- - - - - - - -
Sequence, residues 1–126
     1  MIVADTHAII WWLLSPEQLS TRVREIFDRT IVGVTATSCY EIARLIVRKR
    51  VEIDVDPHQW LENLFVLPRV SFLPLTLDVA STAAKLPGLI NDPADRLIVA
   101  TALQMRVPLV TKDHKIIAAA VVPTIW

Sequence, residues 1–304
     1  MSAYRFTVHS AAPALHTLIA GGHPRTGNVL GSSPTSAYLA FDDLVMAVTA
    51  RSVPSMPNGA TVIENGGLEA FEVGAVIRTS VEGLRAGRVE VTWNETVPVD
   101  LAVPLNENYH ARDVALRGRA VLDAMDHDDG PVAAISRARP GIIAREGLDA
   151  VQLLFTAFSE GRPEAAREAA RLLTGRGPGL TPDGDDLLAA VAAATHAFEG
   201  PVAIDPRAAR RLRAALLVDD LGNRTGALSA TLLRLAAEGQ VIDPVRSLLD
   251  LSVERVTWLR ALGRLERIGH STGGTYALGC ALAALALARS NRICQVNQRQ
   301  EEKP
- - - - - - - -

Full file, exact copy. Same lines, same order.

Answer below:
Sequence, residues 1–126
     1  MIVADTHAII WWLLSPEQLS TRVREIFDRT IVGVTATSCY EIARLIVRKR
    51  VEIDVDPHQW LENLFVLPRV SFLPLTLDVA STAAKLPGLI NDPADRLIVA
   101  TALQMRVPLV TKDHKIIAAA VVPTIW

Sequence, residues 1–304
     1  MSAYRFTVHS AAPALHTLIA GGHPRTGNVL GSSPTSAYLA FDDLVMAVTA
    51  RSVPSMPNGA TVIENGGLEA FEVGAVIRTS VEGLRAGRVE VTWNETVPVD
   101  LAVPLNENYH ARDVALRGRA VLDAMDHDDG PVAAISRARP GIIAREGLDA
   151  VQLLFTAFSE GRPEAAREAA RLLTGRGPGL TPDGDDLLAA VAAATHAFEG
   201  PVAIDPRAAR RLRAALLVDD LGNRTGALSA TLLRLAAEGQ VIDPVRSLLD
   251  LSVERVTWLR ALGRLERIGH STGGTYALGC ALAALALARS NRICQVNQRQ
   301  EEKP